A sabbatical is for many a period of much needed “me” time to focus on those big life questions and finding clarity.
Paid vs unpaid sabbaticals
A sabbatical is usually an agreement with your employer with the condition that you will return to your job after the leave. Although people often refer to any career break as sabbatical, even in case they quit their job, during a sabbatical the employee remains employed.
There are two main types of sabbaticals – paid and unpaid.
During a paid sabbatical the employee receives a portion of their salary or the full pay. Usually, companies grant paid sabbaticals for shorter periods of time and to staff in leading roles. Obviously, a paid sabbatical seems to be the holy grail. Yet, keep in mind that there can be fine prints and obligations coming along with a paid sabbatical.
More commonly, sabbaticals are unpaid leaves of absence. The company keeps the job on hold and commits to offering the same or equivalent position after the sabbatical return.
How do you qualify for a sabbatical?
Unfortunately, there is only very few countries whose labor laws have strict sabbatical policies. In countries that don’t actively suggest businesses to grant sabbaticals, companies draw their own regulations.
There are factors that determine whether somebody does or does not qualify for a sabbatical:
- How long you have been employed by the company: Often you need to be employed by the company for at least 3 years to qualify for a sabbatical.
- The type of employment contract you have: Usually you need an unlimited full-time employment contract.
- Your position or salary grade: In some companies only staff in management roles is allowed to take sabbaticals.
- Your performance: The higher, the better – easy. You gotta try and slay that performance review!
- If and when you have taken a sabbatical in the past: You might be required to work for a certain number of years before taking another sabbatical.
- Your work: If your work is project based, you might be asked to align your sabbatical with the timings of your projects. If you’re doing operational work, your sabbatical might depend on if and how quickly your boss can arrange a replacement for you.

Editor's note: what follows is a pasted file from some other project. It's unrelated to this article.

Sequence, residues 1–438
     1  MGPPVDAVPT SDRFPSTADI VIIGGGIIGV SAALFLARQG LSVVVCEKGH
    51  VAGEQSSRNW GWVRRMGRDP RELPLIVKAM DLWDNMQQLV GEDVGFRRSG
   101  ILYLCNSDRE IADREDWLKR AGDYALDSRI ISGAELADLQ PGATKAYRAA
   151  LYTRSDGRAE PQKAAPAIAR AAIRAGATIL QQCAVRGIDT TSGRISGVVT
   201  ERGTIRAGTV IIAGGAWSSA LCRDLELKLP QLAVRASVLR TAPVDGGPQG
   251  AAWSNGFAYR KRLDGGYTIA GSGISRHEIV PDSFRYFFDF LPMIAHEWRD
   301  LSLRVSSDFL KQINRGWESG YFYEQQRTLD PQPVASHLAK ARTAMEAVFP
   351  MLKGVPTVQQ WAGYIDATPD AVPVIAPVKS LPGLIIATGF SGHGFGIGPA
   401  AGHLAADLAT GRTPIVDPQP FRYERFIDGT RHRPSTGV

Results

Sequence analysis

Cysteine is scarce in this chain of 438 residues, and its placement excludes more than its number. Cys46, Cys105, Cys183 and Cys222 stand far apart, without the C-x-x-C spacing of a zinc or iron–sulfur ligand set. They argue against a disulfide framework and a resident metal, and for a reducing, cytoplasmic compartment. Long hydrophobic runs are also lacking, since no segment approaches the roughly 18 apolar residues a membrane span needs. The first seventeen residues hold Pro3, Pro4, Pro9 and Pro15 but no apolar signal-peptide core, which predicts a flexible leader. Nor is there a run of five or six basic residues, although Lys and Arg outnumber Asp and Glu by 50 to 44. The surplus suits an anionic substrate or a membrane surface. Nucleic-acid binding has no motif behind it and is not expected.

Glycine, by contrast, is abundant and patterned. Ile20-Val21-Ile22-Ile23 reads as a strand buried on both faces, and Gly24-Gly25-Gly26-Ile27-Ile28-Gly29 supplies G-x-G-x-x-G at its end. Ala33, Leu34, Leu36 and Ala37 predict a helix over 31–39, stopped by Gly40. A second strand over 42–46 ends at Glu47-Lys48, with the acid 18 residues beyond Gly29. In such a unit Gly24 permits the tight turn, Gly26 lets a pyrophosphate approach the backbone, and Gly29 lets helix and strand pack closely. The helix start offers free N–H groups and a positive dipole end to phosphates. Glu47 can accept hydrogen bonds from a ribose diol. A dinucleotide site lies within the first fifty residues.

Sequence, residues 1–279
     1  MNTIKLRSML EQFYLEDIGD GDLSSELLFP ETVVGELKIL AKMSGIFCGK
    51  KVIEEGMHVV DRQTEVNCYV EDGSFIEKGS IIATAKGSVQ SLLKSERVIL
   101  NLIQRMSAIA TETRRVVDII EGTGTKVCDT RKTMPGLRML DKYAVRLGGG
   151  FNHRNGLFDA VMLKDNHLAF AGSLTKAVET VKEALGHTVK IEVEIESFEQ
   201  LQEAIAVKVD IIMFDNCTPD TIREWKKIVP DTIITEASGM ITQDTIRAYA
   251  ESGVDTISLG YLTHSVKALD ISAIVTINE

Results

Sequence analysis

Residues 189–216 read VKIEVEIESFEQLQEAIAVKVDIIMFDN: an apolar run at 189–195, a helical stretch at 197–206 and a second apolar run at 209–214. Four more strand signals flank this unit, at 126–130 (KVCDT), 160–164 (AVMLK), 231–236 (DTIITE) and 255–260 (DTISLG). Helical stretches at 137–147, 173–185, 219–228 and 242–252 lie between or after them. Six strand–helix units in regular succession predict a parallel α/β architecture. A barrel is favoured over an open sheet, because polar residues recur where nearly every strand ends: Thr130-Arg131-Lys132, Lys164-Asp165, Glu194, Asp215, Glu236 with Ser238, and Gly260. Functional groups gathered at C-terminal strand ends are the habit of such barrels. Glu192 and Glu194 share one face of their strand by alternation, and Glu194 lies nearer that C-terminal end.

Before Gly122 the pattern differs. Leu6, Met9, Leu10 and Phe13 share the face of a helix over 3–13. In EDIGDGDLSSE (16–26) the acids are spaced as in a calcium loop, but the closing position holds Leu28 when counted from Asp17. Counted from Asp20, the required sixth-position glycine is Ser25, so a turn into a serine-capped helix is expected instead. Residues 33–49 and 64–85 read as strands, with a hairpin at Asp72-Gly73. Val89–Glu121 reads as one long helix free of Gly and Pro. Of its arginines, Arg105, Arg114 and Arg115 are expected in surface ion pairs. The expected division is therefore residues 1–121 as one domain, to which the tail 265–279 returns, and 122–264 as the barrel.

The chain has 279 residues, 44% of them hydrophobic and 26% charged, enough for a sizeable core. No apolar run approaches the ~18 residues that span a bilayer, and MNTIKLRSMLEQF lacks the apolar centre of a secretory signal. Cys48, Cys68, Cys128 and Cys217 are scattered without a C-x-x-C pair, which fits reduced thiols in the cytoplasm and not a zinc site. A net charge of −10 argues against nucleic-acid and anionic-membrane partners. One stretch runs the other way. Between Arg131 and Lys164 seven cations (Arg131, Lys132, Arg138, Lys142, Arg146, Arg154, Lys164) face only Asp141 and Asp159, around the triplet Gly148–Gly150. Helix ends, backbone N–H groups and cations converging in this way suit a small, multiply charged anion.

Although certain rules (or no rules) around taking a sabbatical could look like bottlenecks, don’t worry! Sabbaticals are negotiable.
What to do during a sabbatical
A sabbatical should be a period of focusing on things that we usually don’t have sufficient time for. What are examples of things to do in a sabbatical year and how can you make the most of your leave?
Discovering new countries and cultures expands your horizon and lets you learn more about the world. Taking physical distance from your everyday environment also helps you shift focus inwards. It create mind space for reflecting and recouping. Defining clear intentions for your trip and picking travel destinations purposefully will help to make the most out of your time away.
Travel & work
This can be anything from making a little side income from waiting tables to freelancing as digital nomad or exploring entrepreneurship. Working during your sabbatical is not only a great opportunity to get in touch with locals. It can also be a unique time to test drive new career paths. Note that your company might have regulations for working during your sabbatical. While employers might accept minor jobs, they might not always allow you to work for another company. Read more about this in our article Taking a Sabbatical – 5 Things To Know Before You Go.
Relax & meditate
Leave the stress and rush behind and zen out! Do yoga in Bali, listen to the waves, rewind over a long hike in the mountains, spend days in a hammock reading your favourite books. Who says life has to be always stressful? Take a break, recover, and find new energy for the next chapter of life. There are beautiful things you can only see when you slow down!